Perhaps a particularly beautiful sunrise or sunset captures your attention and stops you in your tracks, and—if only for a moment—your spirit is awakened to another dimension of reality.

Occasionally, the voice of God even comes to us through some sad or tragic event—something that comes as a harsh interruption in the routine ebb and flow of our lives.

We are always being presented with messages from God. The question is: will we listen to them? Will we respond to them? Will we seize the opportunities that are being given? Or, to put it differently:  will we connect with the living God?

Certainly, Herod had his opportunities to do that. In today’s gospel, two of them stand out.

First of all, while John was in his prison, Herod had a golden opportunity to make a connection. I wonder if—in the years that followed—Herod wished he had spoken with John about the inner stirrings that troubled him so. Had he done that, he might have been blessed—perhaps blessed in ways beyond his imagining.

The second opportunity came when Herodias made her gruesome request: “Give me the head of John the Baptist.”

At this point, Herod could have chosen to do the right thing—or, at least, chosen to not do the wrong thing! But he was more concerned about saving face … and so he let the prophet die. And by doing that, Herod lost his chance to receive God’s blessing.

Choosing the wrong opportunity can have dire consequences. Isn’t this a lesson we all learn in life? Bad choices do not lead to good results. They only lead to more bad choices.

So … what about us? How can we make sure that our choices are good ones? How can we open ourselves up to God’s blessings, instead of losing them?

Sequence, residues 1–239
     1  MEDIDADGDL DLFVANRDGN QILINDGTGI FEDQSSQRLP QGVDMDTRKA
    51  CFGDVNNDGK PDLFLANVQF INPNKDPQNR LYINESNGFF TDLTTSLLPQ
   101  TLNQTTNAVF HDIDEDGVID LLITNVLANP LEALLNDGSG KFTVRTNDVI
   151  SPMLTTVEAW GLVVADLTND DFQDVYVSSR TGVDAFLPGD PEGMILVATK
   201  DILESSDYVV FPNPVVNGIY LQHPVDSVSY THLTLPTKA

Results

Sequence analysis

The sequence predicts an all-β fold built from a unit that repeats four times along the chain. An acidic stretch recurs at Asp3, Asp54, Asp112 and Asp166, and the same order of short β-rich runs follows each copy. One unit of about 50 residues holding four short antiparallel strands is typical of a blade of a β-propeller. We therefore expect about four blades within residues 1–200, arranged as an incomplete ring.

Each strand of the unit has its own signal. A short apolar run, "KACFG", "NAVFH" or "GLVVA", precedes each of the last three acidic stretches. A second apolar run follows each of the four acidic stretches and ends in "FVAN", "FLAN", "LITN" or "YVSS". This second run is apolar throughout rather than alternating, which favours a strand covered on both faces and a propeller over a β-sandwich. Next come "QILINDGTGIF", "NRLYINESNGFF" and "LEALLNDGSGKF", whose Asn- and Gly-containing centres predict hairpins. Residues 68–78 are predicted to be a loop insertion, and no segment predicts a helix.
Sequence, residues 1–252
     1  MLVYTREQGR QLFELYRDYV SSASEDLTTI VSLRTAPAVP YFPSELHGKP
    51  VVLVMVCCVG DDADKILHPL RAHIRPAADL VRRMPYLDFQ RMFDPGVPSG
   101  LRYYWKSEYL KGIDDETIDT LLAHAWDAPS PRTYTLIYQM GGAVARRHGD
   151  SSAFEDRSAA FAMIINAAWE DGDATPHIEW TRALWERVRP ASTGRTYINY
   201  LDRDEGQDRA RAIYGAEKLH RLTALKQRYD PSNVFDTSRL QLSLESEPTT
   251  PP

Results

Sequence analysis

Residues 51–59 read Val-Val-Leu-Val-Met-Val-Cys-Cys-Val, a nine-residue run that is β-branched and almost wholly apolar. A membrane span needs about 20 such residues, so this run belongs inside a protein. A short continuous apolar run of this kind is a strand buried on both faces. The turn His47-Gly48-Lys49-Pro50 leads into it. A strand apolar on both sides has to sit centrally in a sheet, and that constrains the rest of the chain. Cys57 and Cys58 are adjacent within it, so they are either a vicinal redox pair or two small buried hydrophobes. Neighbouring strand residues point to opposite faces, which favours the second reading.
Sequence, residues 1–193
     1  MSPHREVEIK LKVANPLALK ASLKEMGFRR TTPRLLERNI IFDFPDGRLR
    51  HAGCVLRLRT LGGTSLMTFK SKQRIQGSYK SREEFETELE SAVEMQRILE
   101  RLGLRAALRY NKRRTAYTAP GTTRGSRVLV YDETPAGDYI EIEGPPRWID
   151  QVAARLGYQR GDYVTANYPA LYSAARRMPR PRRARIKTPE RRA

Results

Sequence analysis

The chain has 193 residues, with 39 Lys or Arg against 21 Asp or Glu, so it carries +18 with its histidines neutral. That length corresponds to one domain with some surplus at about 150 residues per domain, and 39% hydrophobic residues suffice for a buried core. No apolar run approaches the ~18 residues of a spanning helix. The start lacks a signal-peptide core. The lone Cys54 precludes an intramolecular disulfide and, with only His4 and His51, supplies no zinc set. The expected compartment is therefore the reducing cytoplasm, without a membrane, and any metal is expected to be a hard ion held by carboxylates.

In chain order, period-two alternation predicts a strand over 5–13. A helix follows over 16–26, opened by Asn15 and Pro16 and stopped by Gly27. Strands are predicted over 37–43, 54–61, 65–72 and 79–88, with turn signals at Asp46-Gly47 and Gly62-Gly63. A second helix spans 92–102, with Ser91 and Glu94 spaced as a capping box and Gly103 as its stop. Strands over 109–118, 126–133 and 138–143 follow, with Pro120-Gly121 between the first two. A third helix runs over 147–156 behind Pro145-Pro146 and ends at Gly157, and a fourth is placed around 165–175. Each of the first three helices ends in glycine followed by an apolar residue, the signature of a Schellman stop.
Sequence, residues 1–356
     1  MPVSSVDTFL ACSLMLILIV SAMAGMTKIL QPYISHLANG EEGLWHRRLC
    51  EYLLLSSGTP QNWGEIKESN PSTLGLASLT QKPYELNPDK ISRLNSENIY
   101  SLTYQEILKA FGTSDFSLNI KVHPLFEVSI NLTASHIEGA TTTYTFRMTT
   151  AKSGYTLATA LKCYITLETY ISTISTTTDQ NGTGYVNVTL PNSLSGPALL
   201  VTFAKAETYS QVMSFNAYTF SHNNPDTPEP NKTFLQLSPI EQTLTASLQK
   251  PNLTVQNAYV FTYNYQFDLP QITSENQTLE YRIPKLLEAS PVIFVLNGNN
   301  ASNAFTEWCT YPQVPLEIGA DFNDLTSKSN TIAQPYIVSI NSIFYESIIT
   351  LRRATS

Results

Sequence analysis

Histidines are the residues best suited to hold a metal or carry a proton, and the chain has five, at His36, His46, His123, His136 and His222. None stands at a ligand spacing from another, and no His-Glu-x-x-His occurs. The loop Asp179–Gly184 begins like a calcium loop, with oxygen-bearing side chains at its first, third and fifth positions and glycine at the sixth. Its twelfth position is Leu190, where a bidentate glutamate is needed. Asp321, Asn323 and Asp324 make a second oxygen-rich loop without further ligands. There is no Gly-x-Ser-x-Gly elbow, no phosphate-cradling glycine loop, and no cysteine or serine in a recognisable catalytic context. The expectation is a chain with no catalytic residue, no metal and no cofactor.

Maybe the most important advice is that so often given by Jesus: “Listen! Pay attention!” (“Whoever has ears, let them hear”). Listen for the voice of God. When God speaks—and when we listen—blessing is sure to follow.

What might happen if we decided to make our relationship with God our top priority? Our priorities, after all, shape both the character and the quality of our lives. As Jesus said, “Where your treasure is, there your heart will be also” (Matt. 6:21).

Here’s another bit of advice: remember who you are in Christ! Keep your eyes fixed on him. In his Letter to the Ephesians (1:3), the apostle Paul assures us that we have already been blessed “with every spiritual blessing” in Christ.

We don’t have to go looking for God’s blessings—we already have them! Those blessings are already ours, if we keep our focus in the right place. No reward can ever replace the inheritance we have been promised in Christ. No matter what benefits are offered by any earthly opportunity, none will ever surpass what we already have.

Here and now, we’re given an opportunity: we can re-centre our lives in Jesus. We don’t have to place our trust in the things of this world—in property or prestige, or in riches that can be lost or stolen. We don’t have to define ourselves according to someone else’s agenda, in order to impress the high and mighty of this world.

No. We can choose differently. We can choose to trust—and to follow—the One who gave up everything so that we might lack nothing.

May we choose wisely.